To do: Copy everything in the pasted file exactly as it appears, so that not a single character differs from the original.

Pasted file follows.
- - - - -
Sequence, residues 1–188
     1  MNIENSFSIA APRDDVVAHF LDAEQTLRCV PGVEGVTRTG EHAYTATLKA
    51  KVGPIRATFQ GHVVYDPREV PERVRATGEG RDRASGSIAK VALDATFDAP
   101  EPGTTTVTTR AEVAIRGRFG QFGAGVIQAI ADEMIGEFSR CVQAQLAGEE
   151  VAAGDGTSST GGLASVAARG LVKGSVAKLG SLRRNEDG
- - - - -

Sequence, residues 1–188
     1  MNIENSFSIA APRDDVVAHF LDAEQTLRCV PGVEGVTRTG EHAYTATLKA
    51  KVGPIRATFQ GHVVYDPREV PERVRATGEG RDRASGSIAK VALDATFDAP
   101  EPGTTTVTTR AEVAIRGRFG QFGAGVIQAI ADEMIGEFSR CVQAQLAGEE
   151  VAAGDGTSST GGLASVAARG LVKGSVAKLG SLRRNEDG